The spring weather is certainly warming up in Vancouver, but the latest cannabis news out of Washington, D.C. has us wondering if Hell has indeed frozen over.
According to a report from Marijuana Moment, U.S. Attorney General Jeff Sessions seems to have changed his tune on whether or not medical cannabis is an indeed medicine.
Earlier today during an appearance before the Senate Appropriations Commerce, Justice and Science subcommittee, Sessions admitted that ‘there may well be some benefits from medical marijuana’, and added that the study of cannabis is ‘perfectly appropriate.’
However, Sessions’ recognition came with a few disclaimers. Marijuana Moment reporter Tom Angell wrote that while Sessions said he had seen research that showed lower overdose rates in states with legal cannabis, he told the Senate he didn’t believe that the trend was sustainable.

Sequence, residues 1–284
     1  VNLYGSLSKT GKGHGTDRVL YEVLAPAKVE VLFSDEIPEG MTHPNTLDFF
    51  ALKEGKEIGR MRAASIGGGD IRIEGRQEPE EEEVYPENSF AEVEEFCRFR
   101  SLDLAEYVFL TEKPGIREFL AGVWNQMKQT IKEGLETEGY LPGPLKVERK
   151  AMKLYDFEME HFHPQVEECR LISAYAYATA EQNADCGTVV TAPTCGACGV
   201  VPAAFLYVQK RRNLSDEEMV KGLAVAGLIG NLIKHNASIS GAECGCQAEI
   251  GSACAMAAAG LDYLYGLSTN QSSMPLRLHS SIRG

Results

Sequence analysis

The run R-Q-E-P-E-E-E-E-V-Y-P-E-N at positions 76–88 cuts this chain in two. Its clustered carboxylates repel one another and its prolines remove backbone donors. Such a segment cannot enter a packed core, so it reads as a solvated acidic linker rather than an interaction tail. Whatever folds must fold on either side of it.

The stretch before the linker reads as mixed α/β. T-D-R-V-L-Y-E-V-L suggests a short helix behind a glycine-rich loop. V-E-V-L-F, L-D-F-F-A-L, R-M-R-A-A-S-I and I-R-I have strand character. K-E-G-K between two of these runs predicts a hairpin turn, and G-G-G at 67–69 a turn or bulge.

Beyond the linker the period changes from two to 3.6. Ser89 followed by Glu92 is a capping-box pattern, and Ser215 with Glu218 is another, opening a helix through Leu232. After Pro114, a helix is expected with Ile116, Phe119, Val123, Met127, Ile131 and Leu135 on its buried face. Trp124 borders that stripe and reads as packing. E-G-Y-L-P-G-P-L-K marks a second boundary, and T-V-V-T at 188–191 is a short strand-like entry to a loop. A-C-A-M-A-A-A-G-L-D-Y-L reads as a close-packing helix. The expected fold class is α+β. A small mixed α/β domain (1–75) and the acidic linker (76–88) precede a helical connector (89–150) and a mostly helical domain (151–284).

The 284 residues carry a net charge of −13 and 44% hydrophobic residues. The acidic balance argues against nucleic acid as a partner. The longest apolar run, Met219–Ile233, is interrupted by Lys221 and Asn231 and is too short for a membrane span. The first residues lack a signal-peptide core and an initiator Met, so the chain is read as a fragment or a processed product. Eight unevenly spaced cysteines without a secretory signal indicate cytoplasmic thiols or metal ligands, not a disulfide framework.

Despite his reservations about cannabis and the opioid crisis, Sessions did tell the subcommittee that the federal government intends to allow more entities to produce cannabis for research purposes in the near future.
‘The paperwork and reviews will be completed and we will add additional suppliers of marijuana under the controlled circumstances,’ he said, without mentioning a timeline.
At one point, the Attorney General even told the committee that cannabis is not a priority for federal drug agents: ‘Our priorities are fentanyl, heroin, methamphetamine, cocaine. People are dying by massive amounts as a result of those drugs. We have very few, almost zero, virtually zero small marijuana cases,’ he said.
But as a man of the law, Sessions reiterated that those conducting illegal business in the eyes of the federal government could still be subjected to punishment.
“If they are a big deal and illegally acting, and violating federal law, our agents may work that case.”